The Importance of Sleep

A good night’s sleep is critical for staying healthy and according to the CDC 1 in 3 American adults do not get enough sleep. A good night’s sleep empowers the body to recover and lets you wake up refreshed and ready to take on the day. Sleep is an important part of our life; it should consume about one third of your daily schedule.

Unhealthy daytime habits and lifestyle choices can leave you tossing and turning at night and adversely affect your mood, brain and heart health, immune system, creativity, vitality, and weight. Sleep deprivation is not just an adult issue, teens get the least amount of sleep, with 97% getting less than the recommended amount each night. But by experimenting with the following tips and articles, you and your family can enjoy better sleep, boost your health, and improve how you think and feel during the day.

How much sleep do we need?

Sleep requirements by age (provided by the Sleep Foundation):

Age RangeRecommended                Hours of Sleep
School-age6-13 years old9-11 hours
Teen14-17 years old8-10 hours
Young Adult 18-25 years old7-9 hours
Adult  26-64 years old7-9 hours
Older Adult  65 or more years old7-8 hours

How Can We Improve Our Sleep?

Good sleep habits (sometimes referred to as “sleep hygiene”) can help you get a good night’s sleep. Follow these tips to improve your sleep habits:

  • Keep your bedtime and wake up time consistent, even on the weekends. Sleeping late on weekends will not “catch up” on missed sleep.
  • Make sure your bedroom is quiet, dark, relaxing, and at a comfortable temperature.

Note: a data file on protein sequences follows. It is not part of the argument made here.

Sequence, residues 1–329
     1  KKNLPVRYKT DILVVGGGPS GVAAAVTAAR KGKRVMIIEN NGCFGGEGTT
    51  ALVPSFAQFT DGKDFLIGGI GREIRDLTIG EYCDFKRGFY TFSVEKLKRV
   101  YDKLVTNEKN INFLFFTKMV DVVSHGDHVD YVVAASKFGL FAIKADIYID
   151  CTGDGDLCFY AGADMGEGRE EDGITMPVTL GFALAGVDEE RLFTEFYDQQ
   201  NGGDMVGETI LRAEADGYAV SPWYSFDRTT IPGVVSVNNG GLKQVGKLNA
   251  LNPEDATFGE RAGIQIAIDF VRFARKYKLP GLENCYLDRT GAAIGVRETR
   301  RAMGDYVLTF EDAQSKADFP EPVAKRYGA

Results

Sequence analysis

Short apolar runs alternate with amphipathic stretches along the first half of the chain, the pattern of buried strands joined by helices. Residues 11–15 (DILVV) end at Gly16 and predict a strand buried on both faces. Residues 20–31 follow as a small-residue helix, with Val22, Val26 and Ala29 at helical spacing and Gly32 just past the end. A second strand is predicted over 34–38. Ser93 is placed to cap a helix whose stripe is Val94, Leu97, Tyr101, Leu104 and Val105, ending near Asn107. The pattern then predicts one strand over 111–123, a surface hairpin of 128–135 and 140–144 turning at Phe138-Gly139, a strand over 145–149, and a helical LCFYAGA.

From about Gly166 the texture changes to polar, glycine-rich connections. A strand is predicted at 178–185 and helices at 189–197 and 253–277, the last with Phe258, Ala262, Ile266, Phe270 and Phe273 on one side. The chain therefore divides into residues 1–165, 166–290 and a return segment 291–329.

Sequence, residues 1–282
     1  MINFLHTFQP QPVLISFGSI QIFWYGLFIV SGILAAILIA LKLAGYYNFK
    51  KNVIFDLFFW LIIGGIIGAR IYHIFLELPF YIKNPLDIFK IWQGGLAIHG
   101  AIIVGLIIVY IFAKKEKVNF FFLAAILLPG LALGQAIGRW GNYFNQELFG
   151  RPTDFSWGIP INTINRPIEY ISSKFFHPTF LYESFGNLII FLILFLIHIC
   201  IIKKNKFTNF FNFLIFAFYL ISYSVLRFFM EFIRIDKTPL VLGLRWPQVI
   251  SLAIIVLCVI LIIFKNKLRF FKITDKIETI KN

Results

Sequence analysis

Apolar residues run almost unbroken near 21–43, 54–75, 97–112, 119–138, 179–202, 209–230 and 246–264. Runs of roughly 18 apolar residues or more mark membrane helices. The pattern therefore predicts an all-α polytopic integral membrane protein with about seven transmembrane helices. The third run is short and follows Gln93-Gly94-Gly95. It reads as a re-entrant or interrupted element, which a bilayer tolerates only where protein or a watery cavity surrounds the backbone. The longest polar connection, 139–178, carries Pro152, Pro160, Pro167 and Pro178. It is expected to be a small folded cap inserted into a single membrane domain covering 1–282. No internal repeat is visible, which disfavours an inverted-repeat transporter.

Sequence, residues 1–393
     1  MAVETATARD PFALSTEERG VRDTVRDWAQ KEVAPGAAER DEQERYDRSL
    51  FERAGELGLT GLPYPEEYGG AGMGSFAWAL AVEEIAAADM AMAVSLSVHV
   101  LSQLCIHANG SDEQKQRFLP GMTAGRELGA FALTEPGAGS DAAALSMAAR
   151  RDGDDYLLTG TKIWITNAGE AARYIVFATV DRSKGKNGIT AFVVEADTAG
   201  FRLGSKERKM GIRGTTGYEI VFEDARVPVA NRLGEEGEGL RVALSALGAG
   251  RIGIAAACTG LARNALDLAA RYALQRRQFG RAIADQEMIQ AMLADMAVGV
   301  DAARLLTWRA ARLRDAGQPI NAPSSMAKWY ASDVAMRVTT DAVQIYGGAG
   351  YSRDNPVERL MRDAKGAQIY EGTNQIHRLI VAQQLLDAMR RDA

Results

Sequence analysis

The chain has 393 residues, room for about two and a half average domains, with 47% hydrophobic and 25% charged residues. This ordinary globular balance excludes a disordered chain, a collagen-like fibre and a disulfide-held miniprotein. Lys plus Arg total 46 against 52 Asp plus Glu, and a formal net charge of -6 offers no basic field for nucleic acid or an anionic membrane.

• Avoid large meals, caffeine, and alcohol before bedtime.
  • Include physical activity in your daily routine. Regular physical activity can promote better sleep, but avoid being active too close to bedtime.
  • Avoid bright screens within 1-2 hours of your bedtime. The blue light emitted by your phone, tablet, computer, or TV is especially disruptive.

Why is Sleep Important?

Sufficient sleep supports clearer cognition, increased energy, healthier mood and metabolism, improved immunity, as well as optimal health and overall well-being. It keeps your heart strong, balances hormones, and keeps inflammation to a minimum. 

Sleep helps the body redistribute energy resources that are primarily used for brain and muscle work to the immune system. During sleep, the immune cells get out of the circulation, settle in the lymph nodes, and start getting ready for the next day of work. If you lack sleep for a long time, the immune system will produce fewer substances helpful in defending your body. Protect your body and your immune system by getting quality sleep and developing good sleep habits.